In recent years, fruit and veg has moved on from fending off illness and keeping things flowing smoothly. First cherries proved popular as a recovery aid. Then Exeter University’s Andy Jones showed the endurance benefits of consuming beetroot. Now an increasing school of thought suggests blackcurrants, specifically from New Zealand, should enter your performance larder.
Research in the Journal ‘Sports’, undertaken by Mark Willems of Chichester University (pictured, below), showed that consuming 300mg of New Zealand blackcurrant extract – here a product entitled CurraNZ – each day for a week increased the individual’s ability to reproduce maximal sprints and a subsequent run to exhaustion. Although Willems and his team focused on team sports that involve numerous maximal sprints, clearly there are repercussions in triathlon.
“For several years the polyphenols within blackcurrants have been associated with many health benefits, especially in clinical populations,” explained Willems. “However, we’ve conducted a series of studies over the past few years examining its impact on sports and exercise.”
In the past, Willems and his team have studied how a seven-day intake of New Zealand blackcurrant extract affected athletes during a 16.1km cycling time-trial, the results showing that competitors could race 2.4% faster after consuming the berries. They’ve also shown an increase in run endurance, pinned down to the fat-burning properties of Kiwi blackcurrants.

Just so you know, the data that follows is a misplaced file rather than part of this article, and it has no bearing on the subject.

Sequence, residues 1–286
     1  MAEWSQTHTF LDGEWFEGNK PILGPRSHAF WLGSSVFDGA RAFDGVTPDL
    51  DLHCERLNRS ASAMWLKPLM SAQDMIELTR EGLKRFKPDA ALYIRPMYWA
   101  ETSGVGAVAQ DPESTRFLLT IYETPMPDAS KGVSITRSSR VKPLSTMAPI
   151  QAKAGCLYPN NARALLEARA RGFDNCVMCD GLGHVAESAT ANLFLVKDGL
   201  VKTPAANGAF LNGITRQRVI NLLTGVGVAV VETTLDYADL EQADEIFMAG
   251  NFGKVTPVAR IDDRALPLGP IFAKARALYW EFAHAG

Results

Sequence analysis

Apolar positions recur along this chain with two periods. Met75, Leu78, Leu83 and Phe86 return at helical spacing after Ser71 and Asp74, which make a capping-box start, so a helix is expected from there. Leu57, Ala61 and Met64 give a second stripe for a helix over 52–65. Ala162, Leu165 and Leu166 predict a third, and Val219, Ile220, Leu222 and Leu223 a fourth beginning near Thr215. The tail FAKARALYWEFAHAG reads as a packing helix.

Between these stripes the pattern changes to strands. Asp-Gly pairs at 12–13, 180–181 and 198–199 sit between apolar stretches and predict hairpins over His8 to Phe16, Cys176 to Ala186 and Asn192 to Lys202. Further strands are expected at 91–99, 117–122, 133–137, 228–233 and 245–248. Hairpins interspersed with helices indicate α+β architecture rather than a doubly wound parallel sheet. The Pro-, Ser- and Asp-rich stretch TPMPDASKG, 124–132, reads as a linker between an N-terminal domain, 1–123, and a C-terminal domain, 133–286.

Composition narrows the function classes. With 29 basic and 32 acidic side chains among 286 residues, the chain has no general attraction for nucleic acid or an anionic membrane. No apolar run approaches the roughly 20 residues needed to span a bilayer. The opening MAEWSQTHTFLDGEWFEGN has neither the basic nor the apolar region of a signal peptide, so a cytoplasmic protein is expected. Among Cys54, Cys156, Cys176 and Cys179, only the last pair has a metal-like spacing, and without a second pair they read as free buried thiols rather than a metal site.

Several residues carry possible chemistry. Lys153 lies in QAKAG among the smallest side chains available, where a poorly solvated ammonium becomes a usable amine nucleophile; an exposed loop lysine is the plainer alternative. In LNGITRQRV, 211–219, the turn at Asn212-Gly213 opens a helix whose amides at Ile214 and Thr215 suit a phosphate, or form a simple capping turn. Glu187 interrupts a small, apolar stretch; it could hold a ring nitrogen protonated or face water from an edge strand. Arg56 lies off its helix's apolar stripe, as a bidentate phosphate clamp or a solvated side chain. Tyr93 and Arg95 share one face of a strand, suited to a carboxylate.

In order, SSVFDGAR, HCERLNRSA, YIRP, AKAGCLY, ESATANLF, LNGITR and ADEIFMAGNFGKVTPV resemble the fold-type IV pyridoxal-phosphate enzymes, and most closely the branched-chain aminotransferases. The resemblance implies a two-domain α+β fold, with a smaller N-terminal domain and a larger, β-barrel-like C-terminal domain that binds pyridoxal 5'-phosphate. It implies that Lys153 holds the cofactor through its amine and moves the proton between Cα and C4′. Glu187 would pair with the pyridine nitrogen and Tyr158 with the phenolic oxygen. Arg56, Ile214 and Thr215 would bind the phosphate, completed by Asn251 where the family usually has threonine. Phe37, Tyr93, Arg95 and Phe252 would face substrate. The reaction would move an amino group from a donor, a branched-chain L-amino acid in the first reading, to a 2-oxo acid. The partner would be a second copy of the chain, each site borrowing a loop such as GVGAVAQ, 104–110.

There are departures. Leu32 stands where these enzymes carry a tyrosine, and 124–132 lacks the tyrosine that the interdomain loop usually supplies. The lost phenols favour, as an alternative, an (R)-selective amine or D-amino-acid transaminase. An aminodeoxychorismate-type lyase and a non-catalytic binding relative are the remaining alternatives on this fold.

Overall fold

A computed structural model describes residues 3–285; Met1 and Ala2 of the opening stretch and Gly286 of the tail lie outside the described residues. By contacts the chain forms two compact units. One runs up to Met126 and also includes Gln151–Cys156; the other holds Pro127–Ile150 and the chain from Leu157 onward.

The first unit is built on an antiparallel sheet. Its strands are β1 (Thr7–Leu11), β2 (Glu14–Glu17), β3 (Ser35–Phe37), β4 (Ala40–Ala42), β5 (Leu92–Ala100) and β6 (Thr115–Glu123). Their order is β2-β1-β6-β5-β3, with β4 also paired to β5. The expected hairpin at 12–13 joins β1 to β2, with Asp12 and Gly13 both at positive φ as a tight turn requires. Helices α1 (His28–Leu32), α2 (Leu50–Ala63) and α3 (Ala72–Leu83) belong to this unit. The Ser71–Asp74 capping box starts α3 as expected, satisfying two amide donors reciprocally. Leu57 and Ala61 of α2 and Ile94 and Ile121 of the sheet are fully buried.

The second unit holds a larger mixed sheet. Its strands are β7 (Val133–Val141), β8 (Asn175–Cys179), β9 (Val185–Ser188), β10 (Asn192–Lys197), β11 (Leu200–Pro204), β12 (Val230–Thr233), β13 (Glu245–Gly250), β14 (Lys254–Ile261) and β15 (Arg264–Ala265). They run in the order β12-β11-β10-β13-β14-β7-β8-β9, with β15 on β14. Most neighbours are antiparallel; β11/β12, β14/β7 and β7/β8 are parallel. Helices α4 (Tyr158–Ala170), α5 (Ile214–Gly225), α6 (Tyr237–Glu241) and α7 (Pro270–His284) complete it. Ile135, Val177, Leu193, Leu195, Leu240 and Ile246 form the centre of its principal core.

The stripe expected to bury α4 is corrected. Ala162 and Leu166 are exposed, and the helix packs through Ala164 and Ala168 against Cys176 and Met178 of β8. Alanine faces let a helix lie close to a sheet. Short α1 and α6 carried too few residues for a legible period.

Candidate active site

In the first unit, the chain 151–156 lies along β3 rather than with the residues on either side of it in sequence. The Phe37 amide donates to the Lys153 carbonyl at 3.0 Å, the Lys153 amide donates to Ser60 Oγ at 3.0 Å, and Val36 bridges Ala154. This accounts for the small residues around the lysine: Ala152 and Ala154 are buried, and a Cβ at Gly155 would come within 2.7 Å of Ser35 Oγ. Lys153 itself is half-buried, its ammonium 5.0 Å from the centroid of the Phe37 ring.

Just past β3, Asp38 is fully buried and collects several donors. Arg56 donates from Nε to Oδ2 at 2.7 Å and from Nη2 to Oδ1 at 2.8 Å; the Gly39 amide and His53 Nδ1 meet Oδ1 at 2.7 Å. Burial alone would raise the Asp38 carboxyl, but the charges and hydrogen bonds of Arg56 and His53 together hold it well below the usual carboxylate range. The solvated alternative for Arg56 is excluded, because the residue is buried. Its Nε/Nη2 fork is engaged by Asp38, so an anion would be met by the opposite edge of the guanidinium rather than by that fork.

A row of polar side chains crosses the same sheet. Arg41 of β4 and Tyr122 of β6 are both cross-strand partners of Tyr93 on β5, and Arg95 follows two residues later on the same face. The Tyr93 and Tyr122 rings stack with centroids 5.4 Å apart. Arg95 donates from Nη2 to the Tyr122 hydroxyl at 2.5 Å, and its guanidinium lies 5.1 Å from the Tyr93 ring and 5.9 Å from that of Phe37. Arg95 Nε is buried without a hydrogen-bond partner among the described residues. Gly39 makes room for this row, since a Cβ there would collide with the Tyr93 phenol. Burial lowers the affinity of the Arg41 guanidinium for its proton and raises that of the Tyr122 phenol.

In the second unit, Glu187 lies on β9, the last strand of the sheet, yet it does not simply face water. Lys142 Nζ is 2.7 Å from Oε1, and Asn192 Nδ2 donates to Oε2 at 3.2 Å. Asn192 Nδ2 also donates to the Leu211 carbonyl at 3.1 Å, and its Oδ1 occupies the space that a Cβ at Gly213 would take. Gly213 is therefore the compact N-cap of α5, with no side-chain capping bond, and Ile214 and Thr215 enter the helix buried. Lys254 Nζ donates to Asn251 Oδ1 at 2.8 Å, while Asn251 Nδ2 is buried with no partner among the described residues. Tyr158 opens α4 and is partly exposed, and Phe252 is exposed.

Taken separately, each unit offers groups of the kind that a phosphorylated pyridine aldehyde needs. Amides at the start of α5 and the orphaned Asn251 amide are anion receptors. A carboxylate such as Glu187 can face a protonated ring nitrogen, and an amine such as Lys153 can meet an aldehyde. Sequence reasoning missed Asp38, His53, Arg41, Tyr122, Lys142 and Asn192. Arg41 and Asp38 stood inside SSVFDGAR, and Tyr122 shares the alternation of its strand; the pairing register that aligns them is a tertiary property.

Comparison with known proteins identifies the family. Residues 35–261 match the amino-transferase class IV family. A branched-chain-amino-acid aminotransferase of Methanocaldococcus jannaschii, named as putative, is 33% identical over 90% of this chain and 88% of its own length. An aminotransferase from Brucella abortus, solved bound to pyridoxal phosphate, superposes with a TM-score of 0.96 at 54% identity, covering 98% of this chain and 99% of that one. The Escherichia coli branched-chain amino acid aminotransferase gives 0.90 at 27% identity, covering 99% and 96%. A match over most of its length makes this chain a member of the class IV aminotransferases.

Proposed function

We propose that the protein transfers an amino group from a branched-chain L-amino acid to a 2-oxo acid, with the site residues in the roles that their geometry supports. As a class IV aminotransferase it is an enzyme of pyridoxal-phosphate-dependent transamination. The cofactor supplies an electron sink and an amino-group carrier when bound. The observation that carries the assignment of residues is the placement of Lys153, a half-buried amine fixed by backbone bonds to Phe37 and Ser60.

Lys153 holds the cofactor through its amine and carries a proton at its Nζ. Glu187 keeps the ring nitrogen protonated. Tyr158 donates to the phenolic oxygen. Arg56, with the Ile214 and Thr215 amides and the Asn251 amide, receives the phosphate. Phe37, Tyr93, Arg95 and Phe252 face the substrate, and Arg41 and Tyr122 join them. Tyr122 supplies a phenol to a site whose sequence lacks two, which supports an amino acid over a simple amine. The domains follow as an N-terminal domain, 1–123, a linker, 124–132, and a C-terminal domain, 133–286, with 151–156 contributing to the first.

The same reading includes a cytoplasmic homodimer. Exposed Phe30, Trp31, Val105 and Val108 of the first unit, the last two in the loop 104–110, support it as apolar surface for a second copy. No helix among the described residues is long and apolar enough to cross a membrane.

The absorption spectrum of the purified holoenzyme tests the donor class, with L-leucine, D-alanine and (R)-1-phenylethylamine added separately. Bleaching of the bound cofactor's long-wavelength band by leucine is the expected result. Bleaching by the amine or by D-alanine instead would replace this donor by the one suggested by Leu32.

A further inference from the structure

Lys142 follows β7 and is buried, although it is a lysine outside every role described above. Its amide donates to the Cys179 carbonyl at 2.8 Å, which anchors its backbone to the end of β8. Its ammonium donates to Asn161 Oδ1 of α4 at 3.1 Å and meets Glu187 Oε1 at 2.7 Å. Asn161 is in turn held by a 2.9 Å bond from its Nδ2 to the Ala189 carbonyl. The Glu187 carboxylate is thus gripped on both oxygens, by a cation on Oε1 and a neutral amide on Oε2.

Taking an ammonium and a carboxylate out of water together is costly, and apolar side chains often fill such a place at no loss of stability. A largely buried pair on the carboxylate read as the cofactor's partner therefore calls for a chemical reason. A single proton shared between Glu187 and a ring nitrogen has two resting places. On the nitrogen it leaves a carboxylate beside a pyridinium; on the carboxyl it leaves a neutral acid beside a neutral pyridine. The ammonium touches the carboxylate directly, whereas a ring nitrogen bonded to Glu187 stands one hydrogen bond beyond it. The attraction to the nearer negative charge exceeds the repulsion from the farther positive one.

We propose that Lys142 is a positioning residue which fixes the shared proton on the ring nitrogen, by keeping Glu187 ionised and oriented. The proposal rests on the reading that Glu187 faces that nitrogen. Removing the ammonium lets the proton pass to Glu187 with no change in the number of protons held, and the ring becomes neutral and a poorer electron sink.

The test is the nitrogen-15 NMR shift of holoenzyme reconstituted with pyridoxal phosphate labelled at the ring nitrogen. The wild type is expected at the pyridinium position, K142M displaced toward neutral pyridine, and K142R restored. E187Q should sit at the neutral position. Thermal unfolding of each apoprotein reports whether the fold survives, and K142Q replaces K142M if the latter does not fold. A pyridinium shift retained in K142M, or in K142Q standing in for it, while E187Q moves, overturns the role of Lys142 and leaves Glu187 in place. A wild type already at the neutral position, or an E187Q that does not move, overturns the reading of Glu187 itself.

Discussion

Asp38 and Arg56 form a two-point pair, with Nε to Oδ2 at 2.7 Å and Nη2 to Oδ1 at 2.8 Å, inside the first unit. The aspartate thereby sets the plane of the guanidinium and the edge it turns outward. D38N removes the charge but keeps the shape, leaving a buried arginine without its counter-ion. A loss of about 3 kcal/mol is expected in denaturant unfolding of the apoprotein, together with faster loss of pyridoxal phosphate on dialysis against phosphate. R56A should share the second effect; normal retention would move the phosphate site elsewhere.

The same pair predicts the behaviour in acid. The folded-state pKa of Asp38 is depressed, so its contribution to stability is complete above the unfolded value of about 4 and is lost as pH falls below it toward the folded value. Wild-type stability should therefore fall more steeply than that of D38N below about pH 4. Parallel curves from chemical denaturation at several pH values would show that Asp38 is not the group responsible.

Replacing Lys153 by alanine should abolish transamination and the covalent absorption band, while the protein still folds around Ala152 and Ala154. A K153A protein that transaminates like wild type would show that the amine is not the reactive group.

Why is down to myriad of reasons, though primarily it’s down to the polyphenols in the blackcurrant increasing bloodflow to the muscles. As well as increasing fat-burning, further studies have shown this reduces recovery time and boosts the immune system. Willems also suggests it might contain buffering capabilities – reducing acidic levels in the blood
– which could pay off in a high-intensity activity like a time-trial; though this has yet to be proved. What is clear: NZ berries are best…
“They contain one of the highest concentrations of polyphenols, antioxidants and anthocyanins in the world,” says Willems. “And it’s those active ingredients that deliver the performance benefits.”
Willems has conducted swathes of research on this topic and it’d be beneficial to see other exercise physiologists and sports scientists test the efficacy of the product, too. That’s what happened to Jones, his initial research into beetroot being followed up by many respected figures around the world and presented at international nutrition conferences.